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Russian energy minister: Situation with Crimea’s power supply has stabilized

December 09, 2015, 19:52 UTC+3
According to Alexander Novak, the most difficult period since the switch-off on November 22 of all four threads of power transmission lines leading from Ukraine’s power grid to Crimea is over
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MOSCOW, December 9. /TASS/. The situation with Crimea’s power supply has stabilized, Russian Energy Minister Alexander Novak said Wednesday at a meeting of Russian President Vladimir Putin with government members.

"The situation has stabilized, the most difficult period since the switch-off on November 22 of all four threads of power transmission lines leading from Ukraine’s power grid to Crimea is over," Novak said.

According to him, one of the lines linking Crimea with Ukraine has been commissioned. "As of today, the overall power without account for diesel generator units totals some 800-850 megawatts. It is 80-100% of the demand depending on the time and regime of operation," he said.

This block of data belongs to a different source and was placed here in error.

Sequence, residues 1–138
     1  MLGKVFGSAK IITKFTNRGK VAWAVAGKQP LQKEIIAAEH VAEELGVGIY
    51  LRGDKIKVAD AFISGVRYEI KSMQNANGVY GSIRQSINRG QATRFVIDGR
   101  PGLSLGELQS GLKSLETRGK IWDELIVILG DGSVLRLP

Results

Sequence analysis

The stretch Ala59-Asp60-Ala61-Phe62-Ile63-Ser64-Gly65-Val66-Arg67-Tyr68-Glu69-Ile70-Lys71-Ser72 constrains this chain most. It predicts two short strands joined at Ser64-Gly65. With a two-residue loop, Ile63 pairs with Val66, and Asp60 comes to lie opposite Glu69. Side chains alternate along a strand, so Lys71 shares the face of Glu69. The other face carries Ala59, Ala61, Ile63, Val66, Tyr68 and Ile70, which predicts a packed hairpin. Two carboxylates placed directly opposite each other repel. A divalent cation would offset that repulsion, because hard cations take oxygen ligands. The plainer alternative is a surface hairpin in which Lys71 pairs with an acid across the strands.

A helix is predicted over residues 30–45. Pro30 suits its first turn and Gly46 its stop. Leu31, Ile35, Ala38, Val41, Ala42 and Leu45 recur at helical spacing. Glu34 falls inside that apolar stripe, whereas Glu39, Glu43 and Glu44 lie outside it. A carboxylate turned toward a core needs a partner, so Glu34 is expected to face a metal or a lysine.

In Novak's words, currently the installed power in Crimea totals some 900 megawatts, which provides for 100% of the peninsula’s needs. "It means there are no switched-off consumers, but it’s in daytime," he said.

Novak noted the maximum consumption is registered at night and in the morning. "At that time we will still experience the deficit of electric power of about 200 MW, that is some 20%," the energy minister said.

He pointed out the next stage will be the commissioning of another line of power exchange to Crimea, which is to take place by December 15.

Crimea blackout

Crimea was left without power overnight to November 22 after unknown assailants blew up electricity pylons in Ukraine’s Kherson Region. An energy saving regime was imposed on the peninsula, with many enterprises suspending their activity; rolling blackouts started in all inhabited localities.

The situation stabilized after the launch on December 2 of the first thread of the "energy bridge" from Russia’s southern Krasnodar Territory, which gave the peninsula an additional 250 MW of electric power.

Crimea’s authorities said they believe former deputy prime minister of the republic, ATR television channel owner Lenur Islyamov, Ukrainian parliament deputies Refat Chubarov, Mustafa Dzhemilev and militants from the Right Sector extremist organization, banned in Russia, who joined them, organized the blowing up.

Russia’s Federal Security Service (FSB) is investigating a criminal case under Russian Criminal Code Article 281 part 2 "Sabotage". The article envisions punishment for those guilty of up to 20 years in prison.

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